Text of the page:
Publication
Title
Urine versus brushed samples in human papillomavirus screening: study in both genders
Author
Abstract
Aim: To investigate whether urine is a good medium for screening and whether there is a correlation between the amount of extracted DNA and human papillomavirus (HPV)-positivity. Methods: In the present study, 30 first-voided urine (FVU) specimens and 20 urethroglandular swabs using cervex-brushes from male partners of HPV-positive patients, and 31 FVU specimens and 100 liquid-based cervix cytology leftovers sampled with cervix-brushes from HPV-positive women were examined for the presence of â-globin. Oncogenic HPV were detected using type-specific PCR. Results:â-globin was found in all the brushed samples, whereas it was found in only 68.9% of the FVU specimens. HPV-PCR was positive in 60.0% of the male brushes, in 29% of the female brushes and in 0% of the male FVU specimens. DNA concentration was, respectively, 0.9998 ng/ìL, 37.0598 ng/ìL and 0.0207 ng/ìL. Conclusion: Urine is not a good tool for HPV detection, probably because the low DNA concentration reflects a low amount of collected cells. â-globin is measurable in FVU by real time quantitative PCR, but the DNA concentration is lower compared to brush sampling for both genders. â-globin-positivity of urethral and cervical swabs is 100%, showing a higher mean concentration of DNA, leading to a higher detection rate of HPV. This is the first article linking DNA-concentration to the presence of HPV.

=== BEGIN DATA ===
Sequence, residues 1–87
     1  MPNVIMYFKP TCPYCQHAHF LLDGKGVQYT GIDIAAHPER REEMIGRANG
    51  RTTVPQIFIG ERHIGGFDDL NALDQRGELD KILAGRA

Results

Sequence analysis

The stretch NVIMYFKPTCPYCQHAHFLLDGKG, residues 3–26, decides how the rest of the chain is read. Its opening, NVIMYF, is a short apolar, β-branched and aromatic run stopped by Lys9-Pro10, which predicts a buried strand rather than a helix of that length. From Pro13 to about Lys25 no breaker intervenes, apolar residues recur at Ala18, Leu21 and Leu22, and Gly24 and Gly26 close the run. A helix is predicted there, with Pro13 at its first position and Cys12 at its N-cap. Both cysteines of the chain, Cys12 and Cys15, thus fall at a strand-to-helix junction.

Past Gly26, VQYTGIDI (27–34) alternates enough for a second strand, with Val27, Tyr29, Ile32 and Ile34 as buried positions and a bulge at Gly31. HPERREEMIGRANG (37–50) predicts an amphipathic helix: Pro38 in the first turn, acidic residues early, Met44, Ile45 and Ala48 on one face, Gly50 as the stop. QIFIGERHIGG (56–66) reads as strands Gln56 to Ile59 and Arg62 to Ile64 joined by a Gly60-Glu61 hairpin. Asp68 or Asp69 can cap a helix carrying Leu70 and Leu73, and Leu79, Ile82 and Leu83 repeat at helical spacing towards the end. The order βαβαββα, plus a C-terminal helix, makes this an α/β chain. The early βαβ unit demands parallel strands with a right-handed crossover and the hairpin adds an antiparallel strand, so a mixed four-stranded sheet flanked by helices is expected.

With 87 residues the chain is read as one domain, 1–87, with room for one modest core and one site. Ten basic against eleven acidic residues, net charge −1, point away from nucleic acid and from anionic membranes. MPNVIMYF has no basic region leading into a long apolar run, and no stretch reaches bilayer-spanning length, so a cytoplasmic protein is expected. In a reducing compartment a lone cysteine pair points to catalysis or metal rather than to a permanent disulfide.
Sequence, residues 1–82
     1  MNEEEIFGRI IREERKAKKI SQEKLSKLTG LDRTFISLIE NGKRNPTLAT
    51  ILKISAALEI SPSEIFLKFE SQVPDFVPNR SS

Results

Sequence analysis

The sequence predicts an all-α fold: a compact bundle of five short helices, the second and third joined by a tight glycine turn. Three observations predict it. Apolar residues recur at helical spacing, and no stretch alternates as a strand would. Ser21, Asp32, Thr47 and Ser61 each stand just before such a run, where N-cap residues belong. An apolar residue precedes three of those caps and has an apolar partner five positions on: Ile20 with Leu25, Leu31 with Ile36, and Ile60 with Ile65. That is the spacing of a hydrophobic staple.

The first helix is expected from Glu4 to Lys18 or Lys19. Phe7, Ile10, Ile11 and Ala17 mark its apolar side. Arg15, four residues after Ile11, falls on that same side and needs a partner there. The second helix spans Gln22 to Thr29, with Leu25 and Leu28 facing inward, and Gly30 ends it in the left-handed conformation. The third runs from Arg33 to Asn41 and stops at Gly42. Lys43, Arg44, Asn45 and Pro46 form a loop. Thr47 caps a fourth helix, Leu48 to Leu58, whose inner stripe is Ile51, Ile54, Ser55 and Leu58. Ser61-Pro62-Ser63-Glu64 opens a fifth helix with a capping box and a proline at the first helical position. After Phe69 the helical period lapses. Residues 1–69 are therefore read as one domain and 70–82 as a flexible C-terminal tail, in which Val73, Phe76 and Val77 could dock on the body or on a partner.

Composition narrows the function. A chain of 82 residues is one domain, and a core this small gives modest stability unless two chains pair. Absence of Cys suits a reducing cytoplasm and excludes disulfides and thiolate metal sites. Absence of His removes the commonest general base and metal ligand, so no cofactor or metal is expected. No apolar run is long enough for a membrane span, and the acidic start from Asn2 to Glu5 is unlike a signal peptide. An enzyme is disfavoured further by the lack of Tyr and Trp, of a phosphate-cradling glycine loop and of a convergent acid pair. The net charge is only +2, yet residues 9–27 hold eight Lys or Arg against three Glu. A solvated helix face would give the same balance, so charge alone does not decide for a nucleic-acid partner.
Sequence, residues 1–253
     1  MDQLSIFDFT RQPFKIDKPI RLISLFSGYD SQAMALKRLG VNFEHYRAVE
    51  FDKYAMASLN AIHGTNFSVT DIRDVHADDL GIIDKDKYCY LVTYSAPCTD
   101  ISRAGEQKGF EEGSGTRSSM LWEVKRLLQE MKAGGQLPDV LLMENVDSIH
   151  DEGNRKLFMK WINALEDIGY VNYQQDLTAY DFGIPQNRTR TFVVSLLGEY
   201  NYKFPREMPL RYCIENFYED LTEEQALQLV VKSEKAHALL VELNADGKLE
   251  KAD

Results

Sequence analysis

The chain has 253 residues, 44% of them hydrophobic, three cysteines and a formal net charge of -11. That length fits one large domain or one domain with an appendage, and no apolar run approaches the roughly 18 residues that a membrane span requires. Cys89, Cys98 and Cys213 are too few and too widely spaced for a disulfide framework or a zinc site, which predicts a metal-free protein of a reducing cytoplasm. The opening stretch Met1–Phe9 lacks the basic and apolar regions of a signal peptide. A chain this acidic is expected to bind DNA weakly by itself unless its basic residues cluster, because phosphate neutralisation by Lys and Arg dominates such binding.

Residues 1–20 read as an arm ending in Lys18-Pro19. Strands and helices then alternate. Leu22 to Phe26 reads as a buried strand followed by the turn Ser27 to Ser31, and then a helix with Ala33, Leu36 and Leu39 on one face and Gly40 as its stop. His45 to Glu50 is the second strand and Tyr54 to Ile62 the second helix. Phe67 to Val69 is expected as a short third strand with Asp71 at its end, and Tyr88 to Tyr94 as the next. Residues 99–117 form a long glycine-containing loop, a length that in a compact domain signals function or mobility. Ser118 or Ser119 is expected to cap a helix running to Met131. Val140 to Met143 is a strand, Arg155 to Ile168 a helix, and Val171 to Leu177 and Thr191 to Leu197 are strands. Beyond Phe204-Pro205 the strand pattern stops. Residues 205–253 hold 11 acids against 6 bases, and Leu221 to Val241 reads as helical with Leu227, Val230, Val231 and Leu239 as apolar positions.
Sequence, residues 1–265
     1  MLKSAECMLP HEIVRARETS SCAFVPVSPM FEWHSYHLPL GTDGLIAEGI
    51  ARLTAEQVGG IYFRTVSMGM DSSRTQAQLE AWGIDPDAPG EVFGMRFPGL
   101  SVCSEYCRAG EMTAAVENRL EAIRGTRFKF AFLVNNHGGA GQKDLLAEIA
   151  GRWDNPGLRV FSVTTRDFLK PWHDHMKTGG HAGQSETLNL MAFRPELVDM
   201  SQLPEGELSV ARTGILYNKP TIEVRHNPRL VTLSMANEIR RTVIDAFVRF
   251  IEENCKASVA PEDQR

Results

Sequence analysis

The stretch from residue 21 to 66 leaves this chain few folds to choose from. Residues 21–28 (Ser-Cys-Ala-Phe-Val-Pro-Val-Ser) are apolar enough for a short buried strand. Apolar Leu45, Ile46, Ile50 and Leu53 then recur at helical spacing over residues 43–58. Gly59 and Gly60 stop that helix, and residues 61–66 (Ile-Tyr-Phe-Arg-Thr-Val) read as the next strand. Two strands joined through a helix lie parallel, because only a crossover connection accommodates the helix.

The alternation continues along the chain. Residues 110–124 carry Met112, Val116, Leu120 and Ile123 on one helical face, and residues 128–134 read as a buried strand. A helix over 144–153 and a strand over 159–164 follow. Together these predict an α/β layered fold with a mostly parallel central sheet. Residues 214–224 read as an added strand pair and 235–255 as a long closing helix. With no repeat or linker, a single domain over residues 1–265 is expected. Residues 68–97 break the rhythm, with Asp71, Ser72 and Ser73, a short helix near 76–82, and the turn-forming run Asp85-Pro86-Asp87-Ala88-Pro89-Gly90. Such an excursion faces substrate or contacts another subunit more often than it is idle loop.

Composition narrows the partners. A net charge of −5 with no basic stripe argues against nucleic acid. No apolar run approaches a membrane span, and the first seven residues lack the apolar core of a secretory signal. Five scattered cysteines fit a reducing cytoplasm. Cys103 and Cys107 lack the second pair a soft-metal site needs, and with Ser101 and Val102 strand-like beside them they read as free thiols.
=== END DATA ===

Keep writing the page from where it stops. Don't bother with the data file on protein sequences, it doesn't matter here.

Language
English
Source (journal)
Asian journal of andrology. - Place of publication unknown
Publication
Place of publication unknown : 2007
ISSN
1008-682X
Volume/pages
9:5(2007), p. 705-710
ISI
000249164100016
Full text (Publisher's DOI)
UAntwerpen
Faculty/Department
Research group
Publication type
Subject
Affiliation
Publications with a UAntwerp address
External links
Web of Science
Record
Identification
Creation 03.04.2009
Last edited 01.08.2017
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